Remembering Kobe Bryant

The basketball world is mourning the loss of Los Angeles Lakers legend Kobe Bryant, 41, following the shocking news of his tragic death on Jan. 26 as a result of a helicopter crash. Eight other people died in the crash, including Kobe’s 13-year-old daughter Gianna Bryant.

The outpouring of love following the announcement of Kobe’s death speaks to the many connections he made around the league. Whether it be the fans he inspired or the players he influenced, everyone has their own Kobe story. For me, Kobe was a role model who, without ever knowing it, helped me overcome my performance anxiety and rediscover my love of basketball.

As a young teenager and aspiring athlete, I battled serious performance anxiety and perfectionism. Every missed shot was such a devastating blow that I began to suffer immense stress. The game began to lose its magic, and I was on the verge of giving it all up. But a quote from Kobe inspired me, rekindling my love of basketball and helping me overcome my mental blocks.

“If you miss the shot, you’ll still be here learning,” Bryant said in a 2013 interview. “You’ve been in moments where you missed a shot, but you’re okay [….] What you have to understand is that those pressures are self inflicted [….] You have to be able to control your mind and understand […] that pressure does not exist [….] We create pressure ourselves.”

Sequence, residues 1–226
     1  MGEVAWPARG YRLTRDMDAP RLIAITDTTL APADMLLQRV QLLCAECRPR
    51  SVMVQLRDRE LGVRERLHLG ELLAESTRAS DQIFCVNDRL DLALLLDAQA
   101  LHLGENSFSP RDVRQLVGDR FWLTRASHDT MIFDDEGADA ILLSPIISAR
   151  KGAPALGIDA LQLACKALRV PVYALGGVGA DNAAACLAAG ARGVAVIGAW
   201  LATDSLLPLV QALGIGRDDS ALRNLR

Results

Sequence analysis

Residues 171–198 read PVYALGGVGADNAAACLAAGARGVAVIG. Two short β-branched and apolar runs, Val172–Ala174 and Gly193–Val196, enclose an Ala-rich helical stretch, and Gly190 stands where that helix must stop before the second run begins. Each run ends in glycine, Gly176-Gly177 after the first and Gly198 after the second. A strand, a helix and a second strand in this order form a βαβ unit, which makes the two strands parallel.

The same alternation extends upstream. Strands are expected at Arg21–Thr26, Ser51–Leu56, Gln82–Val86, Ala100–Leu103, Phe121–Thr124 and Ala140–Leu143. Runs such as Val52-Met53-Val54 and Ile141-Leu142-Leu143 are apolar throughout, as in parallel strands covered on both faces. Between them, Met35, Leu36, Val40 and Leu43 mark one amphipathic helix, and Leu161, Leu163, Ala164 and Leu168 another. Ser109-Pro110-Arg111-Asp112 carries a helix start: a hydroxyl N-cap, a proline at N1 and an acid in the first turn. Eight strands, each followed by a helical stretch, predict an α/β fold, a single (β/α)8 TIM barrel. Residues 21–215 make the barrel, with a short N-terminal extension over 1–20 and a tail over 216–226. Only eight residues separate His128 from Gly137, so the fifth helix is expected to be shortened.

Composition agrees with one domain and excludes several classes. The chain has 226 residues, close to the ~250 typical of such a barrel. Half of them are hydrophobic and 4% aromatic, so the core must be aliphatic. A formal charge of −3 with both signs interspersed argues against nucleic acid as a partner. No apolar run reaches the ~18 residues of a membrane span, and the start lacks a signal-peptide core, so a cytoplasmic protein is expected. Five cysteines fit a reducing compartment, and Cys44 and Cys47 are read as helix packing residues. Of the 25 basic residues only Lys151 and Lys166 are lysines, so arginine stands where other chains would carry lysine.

Kobe introduced an entire generation of young athletes to the idea of sport as a mental game, which he called “Mamba Mentality.” And even beyond the court, combined with Kobe’s tireless work ethic and perseverance, this mindset inspired individuals from all walks of life to overcome their toughest challenges.

And yet, one serious decision marked Kobe’s life, for, in a City of Angels, he was not one. In 2003, Kobe was accused of raping a 19-year-old woman, and he admitted to cheating on his wife, Vanessa.   

But Kobe’s legacy challenges our understanding of whether someone is capable of redemption. Kobe’s growth as a human—famously symbolized by his switch from number eight to 24—was increasingly evident on the basketball court in his later years and in retirement. He was an extremely proud father of four girls, with whom he joyously shared the game of basketball. He also became an avid supporter of the WNBA, in which he hoped to see Gianna play one day, and an Oscar-winning storyteller.

The question that then remains is what legacy will Kobe leave behind? By what narrative will his six-month old daughter and namesake, Capri Kobe Bryant, know her father? The answer, as with the stories, will be informed by a multitude of personal experiences. To me, mixed somewhere alongside all the good and the bad, the answer is this: Kobe loved the game I love, more than anyone else. This love drove his singular pursuit of excellence, it informed the Mamba Mentality, and it is the reason Kobe touched the lives of more people than he could ever know.

As was poetically demonstrated by Kobe’s final public words the night prior to his death, in which he congratulated the Laker’s new star LeBron James on passing him on the all-time scoring list, the game will move forward. And yet, because of his unmatched love of the game, every time a kid shouts his name while shooting a balled up piece of paper into the recycling bin, Kobe’s legacy will forever live on as an integral part of basketball. 

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